Carlo Nicholson, who has never drunk alcohol, said a large bottle of cider was poured onto a towel over face by other Marines.
The waterboarding was part of a series of tasks and punishments which formed an initiation ceremony into 45 Commando, based at Royal Marine Condor, Arbroath.
Portsmouth Military Court, Hants, heard Mr Nicholson and other new recruits were made to fight while naked and covered in cooking oil and eat dog food out of a mess tin.
Other tasks included lying in a pool of urine and vomit.
Former marine Ryan Logan is accused of ‘reefing’ Mr Nicholson - striking him with a leather belt when he failed a task and also of waterboarding him.
The court heard, Mr Nicholson, who joined the marines in January 2014, had spoken to someone about possibly leaving before the initiation on 7 May 2014.
Mr Nicholson left 45 Commando in December 2014 and told the court the initiation ceremony “destroyed” his dreams of a military career.
Fiona Edington, defending Ryan Logan, said: “To confirm you say he hit you with a belt once, and hit you with a new implement three times.
“And he had the bottles of cider when you were waterboarded.”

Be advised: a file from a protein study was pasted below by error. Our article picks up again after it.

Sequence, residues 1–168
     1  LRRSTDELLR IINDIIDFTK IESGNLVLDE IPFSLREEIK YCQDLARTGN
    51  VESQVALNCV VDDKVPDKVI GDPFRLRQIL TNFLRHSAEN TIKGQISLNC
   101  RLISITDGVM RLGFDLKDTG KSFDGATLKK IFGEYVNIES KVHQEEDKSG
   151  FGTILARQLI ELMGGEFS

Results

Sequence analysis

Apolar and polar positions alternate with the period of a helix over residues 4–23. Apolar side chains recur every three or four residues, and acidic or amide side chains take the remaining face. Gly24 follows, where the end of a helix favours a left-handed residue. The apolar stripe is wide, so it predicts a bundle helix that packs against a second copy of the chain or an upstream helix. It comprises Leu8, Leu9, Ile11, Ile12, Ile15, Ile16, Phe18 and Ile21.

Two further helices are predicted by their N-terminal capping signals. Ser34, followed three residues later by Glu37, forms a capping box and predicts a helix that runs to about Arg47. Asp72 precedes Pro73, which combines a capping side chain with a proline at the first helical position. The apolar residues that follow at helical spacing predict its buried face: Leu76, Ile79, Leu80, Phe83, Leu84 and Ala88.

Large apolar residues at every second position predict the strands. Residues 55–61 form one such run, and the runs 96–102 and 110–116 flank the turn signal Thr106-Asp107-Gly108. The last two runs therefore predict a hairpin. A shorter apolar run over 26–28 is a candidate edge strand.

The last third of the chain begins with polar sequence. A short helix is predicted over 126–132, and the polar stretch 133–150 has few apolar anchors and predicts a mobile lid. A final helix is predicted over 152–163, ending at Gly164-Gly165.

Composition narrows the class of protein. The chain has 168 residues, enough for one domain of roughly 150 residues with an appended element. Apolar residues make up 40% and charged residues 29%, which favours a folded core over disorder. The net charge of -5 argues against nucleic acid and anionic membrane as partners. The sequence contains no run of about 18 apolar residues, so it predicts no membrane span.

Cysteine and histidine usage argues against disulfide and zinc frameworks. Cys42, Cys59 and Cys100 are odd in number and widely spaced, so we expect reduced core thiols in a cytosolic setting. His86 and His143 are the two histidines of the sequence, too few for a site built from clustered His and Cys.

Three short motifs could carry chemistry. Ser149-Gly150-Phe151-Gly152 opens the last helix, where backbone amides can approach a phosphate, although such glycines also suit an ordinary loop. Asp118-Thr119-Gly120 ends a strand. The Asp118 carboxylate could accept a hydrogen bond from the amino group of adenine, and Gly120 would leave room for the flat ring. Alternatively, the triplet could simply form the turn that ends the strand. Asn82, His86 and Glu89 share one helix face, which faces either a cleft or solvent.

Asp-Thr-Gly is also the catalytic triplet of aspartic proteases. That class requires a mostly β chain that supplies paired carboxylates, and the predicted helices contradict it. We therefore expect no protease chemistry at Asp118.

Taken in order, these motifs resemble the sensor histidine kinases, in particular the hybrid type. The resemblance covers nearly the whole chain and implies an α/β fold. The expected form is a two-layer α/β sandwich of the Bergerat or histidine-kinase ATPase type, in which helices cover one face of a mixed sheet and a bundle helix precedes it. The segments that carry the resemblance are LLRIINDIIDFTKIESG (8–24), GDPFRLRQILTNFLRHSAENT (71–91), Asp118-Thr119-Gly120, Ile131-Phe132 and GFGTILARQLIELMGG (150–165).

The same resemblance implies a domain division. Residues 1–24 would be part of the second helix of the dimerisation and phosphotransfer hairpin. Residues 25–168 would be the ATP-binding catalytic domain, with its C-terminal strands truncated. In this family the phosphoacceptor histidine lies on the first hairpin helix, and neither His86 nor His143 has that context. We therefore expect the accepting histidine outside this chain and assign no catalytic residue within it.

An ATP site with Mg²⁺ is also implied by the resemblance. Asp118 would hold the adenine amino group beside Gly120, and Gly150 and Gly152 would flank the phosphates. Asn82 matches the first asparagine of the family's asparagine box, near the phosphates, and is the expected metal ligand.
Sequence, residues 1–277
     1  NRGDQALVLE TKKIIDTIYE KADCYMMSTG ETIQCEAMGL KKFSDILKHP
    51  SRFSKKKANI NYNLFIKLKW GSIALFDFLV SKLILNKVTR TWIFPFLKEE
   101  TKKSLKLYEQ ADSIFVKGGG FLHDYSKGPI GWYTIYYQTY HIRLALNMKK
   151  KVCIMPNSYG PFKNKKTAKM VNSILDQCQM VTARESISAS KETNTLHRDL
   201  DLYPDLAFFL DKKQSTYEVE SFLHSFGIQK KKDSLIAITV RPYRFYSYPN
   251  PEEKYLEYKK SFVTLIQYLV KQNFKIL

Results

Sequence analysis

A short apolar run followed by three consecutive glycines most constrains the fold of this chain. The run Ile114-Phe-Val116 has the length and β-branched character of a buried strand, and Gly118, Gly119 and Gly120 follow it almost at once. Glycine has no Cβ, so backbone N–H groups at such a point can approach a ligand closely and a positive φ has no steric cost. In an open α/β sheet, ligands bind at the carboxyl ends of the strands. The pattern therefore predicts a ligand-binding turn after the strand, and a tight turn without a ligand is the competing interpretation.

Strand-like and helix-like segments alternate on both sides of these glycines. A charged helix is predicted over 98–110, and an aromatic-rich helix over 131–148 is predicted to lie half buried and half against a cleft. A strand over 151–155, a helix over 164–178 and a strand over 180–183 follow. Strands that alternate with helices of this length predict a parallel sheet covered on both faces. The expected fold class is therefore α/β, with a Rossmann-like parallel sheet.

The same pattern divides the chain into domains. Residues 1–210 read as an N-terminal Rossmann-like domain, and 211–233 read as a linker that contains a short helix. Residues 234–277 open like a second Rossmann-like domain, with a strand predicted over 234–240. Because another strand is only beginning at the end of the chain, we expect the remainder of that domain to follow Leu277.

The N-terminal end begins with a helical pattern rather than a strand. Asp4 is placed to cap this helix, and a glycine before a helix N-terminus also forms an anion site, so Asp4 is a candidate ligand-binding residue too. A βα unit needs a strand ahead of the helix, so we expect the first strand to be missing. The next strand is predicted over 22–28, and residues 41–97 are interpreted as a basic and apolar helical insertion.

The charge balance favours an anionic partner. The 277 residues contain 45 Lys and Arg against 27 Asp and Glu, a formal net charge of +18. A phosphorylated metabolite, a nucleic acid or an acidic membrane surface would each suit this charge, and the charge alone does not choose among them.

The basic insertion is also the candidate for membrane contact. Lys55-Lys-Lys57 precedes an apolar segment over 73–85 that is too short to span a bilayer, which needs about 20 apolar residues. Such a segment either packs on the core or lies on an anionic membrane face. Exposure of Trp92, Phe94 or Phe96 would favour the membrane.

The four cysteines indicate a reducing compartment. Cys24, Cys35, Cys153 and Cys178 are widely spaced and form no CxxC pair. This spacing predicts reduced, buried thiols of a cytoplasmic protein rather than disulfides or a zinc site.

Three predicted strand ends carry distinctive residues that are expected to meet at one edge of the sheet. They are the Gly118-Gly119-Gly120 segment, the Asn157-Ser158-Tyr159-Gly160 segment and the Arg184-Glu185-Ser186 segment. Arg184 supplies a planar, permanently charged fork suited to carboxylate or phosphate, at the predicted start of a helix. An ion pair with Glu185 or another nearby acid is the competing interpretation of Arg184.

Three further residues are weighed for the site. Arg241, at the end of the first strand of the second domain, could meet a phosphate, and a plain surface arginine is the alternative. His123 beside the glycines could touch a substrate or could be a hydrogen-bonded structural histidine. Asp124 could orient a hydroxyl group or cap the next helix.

Mr Nicholson replied: “Yes, of course. I first saw the bottles when the towel was removed and Logan was holding them.”
Marine Ian Tennet, 32, is also accused of the ill-treatment of a subordinate, while ex-Marine Logan, 25, faces trial for battery and disgraceful conduct of a cruel kind.
The court heard a total of 26 new recruits took part in the initiation ceremony which some described as a bonding exercise.
When asked if he had been aware of the joining run being a marine tradition, Marine Anthony Murphy told the court: “Yes, it was.”
Marine Kane Hyett said after the initiation he felt closer to his colleagues.
He said: “I wanted to do it. Before the joining run I was getting ready, setting up, getting the kit ready.”
The trial continues.